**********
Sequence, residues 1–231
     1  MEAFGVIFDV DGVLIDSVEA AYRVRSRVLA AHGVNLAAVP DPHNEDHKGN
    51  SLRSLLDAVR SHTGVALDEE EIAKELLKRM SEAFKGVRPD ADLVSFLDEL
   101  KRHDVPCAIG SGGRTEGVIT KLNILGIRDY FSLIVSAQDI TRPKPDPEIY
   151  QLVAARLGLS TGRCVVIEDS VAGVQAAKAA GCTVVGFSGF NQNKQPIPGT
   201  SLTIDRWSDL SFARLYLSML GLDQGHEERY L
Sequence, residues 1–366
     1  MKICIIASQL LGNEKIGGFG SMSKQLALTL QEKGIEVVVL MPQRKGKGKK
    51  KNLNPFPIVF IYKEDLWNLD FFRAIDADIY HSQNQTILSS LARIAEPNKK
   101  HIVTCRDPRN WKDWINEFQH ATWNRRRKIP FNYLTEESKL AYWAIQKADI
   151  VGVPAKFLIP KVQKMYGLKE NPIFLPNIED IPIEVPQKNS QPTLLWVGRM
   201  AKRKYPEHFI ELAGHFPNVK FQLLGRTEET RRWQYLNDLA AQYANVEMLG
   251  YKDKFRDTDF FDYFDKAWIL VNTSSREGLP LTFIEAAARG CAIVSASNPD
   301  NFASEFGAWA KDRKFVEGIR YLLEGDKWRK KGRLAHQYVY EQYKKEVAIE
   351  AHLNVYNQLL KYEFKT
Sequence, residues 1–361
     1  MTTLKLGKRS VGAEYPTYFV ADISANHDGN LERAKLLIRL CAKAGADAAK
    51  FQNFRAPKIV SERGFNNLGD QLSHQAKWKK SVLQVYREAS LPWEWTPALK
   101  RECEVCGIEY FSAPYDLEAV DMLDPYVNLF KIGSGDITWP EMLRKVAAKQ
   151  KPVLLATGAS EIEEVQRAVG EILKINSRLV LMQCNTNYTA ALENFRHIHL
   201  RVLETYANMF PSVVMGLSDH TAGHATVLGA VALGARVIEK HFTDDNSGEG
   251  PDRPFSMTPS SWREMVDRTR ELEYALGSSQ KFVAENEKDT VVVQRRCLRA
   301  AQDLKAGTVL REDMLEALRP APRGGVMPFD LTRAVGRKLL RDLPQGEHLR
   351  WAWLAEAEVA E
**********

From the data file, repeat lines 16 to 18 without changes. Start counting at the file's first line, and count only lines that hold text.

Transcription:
Sequence, residues 1–361
     1  MTTLKLGKRS VGAEYPTYFV ADISANHDGN LERAKLLIRL CAKAGADAAK
    51  FQNFRAPKIV SERGFNNLGD QLSHQAKWKK SVLQVYREAS LPWEWTPALK